Expos Pitch Anti-tobacco to Vermont Youth Players & Champ Visit Local Little League Team, Host Tobacco-Free Celebration
For immediate release:
August 2, 2002
Megan Lawrence/Jody Waller
Kelliher Samets Volk
Vermont Department of Health
ESSEX — Students who play at least one sport are 40 percent less likely to be regular smokers and 50 percent less likely to be heavy smokers, according to the Center for Disease Control and Prevention (CDC). The Vermont Expos, a tobacco-free team since 1998, are encouraging youth to follow in their footsteps — get involved in athletics and stay clear of tobacco.
“I grew up watching Don Mattingly play for the New York Yankees and I really looked up to him,” said Mike Hinckley, pitcher for the Vermont Expos. “I realize now that I want to be a role model to the next generation of athletes.”
The Vermont Expos have teamed up with the Vermont Department of Health to bring their anti-smoking messages to youth.
Hinckley and a few of his Expos teammates — including Champ — will be visiting an Essex Little League team on Friday, August 2 from noon to 1 p.m. to discuss the effects of tobacco, run the bases and hand out tickets to the celebration of tobacco-free baseball at Centennial Field on Friday, August 9 at 7:05 p.m.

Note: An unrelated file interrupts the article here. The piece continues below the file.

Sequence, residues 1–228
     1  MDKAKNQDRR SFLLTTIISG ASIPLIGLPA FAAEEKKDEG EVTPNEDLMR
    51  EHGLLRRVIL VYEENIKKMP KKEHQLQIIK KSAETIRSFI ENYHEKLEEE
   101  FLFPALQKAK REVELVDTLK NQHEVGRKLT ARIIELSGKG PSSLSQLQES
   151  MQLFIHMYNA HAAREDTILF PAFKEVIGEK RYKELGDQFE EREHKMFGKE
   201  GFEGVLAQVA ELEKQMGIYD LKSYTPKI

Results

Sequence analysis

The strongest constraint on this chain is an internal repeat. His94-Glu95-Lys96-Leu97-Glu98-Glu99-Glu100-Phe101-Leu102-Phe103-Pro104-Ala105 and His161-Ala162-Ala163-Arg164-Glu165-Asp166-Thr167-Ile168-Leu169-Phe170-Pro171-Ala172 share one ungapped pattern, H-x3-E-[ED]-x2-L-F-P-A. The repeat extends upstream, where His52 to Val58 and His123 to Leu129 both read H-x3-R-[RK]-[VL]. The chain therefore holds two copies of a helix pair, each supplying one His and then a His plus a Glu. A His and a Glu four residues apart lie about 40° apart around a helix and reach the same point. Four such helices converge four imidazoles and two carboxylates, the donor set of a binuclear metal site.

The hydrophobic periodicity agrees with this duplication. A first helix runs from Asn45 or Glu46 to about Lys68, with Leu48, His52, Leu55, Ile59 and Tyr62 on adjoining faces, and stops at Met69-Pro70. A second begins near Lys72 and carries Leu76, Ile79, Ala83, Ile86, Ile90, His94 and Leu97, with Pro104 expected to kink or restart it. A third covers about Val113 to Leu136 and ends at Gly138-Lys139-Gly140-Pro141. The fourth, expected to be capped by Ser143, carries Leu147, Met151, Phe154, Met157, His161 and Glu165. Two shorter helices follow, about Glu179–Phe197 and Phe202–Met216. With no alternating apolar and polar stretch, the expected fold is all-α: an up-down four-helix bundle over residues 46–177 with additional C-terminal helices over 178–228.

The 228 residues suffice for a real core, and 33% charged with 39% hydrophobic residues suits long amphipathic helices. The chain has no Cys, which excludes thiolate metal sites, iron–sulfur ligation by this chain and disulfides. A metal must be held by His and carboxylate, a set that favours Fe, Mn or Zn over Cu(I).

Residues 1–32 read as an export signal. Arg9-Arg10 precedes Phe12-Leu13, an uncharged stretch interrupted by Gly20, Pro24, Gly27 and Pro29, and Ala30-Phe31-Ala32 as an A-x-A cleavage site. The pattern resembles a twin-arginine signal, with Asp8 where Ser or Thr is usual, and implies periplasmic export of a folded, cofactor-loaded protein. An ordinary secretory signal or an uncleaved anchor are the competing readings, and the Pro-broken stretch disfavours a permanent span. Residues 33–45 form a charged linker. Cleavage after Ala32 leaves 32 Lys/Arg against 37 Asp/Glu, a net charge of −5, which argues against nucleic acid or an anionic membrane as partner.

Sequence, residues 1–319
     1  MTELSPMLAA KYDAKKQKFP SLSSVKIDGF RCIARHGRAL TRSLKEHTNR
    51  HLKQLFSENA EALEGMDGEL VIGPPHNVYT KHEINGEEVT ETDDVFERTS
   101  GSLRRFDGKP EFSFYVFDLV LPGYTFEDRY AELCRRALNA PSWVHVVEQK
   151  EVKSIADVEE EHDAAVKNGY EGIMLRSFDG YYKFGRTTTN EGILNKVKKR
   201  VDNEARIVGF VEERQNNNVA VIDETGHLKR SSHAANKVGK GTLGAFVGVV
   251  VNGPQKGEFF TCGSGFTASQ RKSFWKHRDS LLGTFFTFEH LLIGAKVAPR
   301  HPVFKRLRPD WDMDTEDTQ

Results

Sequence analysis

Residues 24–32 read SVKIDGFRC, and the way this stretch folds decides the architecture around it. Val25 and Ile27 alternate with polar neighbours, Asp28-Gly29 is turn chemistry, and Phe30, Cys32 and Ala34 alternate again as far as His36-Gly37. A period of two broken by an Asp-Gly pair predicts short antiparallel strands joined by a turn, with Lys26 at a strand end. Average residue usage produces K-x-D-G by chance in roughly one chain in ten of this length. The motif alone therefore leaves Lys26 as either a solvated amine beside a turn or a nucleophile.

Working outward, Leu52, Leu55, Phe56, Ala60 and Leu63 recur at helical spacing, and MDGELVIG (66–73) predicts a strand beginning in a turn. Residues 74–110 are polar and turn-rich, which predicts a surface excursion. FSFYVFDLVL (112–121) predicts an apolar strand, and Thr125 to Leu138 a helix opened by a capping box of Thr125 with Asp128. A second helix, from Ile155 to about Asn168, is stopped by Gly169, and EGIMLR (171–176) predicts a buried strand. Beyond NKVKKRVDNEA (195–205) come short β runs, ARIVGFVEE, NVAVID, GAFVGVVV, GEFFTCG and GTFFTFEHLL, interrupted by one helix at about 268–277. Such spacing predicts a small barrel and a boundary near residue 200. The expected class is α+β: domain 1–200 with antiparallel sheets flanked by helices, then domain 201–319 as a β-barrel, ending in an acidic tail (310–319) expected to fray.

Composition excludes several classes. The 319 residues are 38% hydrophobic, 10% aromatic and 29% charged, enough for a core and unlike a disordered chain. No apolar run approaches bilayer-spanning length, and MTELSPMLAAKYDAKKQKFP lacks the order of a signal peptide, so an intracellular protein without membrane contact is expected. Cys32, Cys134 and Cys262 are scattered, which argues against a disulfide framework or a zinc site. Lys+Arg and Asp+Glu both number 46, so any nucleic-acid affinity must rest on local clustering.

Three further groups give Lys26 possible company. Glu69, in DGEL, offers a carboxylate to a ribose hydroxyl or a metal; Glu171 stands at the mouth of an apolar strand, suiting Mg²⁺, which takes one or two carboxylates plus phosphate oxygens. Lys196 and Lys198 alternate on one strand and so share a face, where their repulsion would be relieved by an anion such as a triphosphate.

The first 500 youth to arrive at Centennial Field for the celebration will receive a free tobacco-free wiffleball.
Champ will throw the remaining 1,000 wiffleballs into the crowd between innings. There will also be stickers, posters and information about tobacco available for youth at the entrance to the field.
Research has shown that the decision to become a smoker is made between the ages of 10 and 13, an age when many youth are facing temptations and influenced by their role models.
“The influence that professional sports teams and celebrities have on youth is powerful,” said Karen Garbarino, tobacco control chief for the Vermont Department of Health. “It is important to support the groups who have positioned themselves as tobacco-free.”
Twenty-two percent of Vermont youth smoke cigarettes according to the 2001 Youth Risk Behavior Survey, conducted by the Health Department. Health officials hope to cut the youth smoking rates in Vermont to 15 percent by 2010.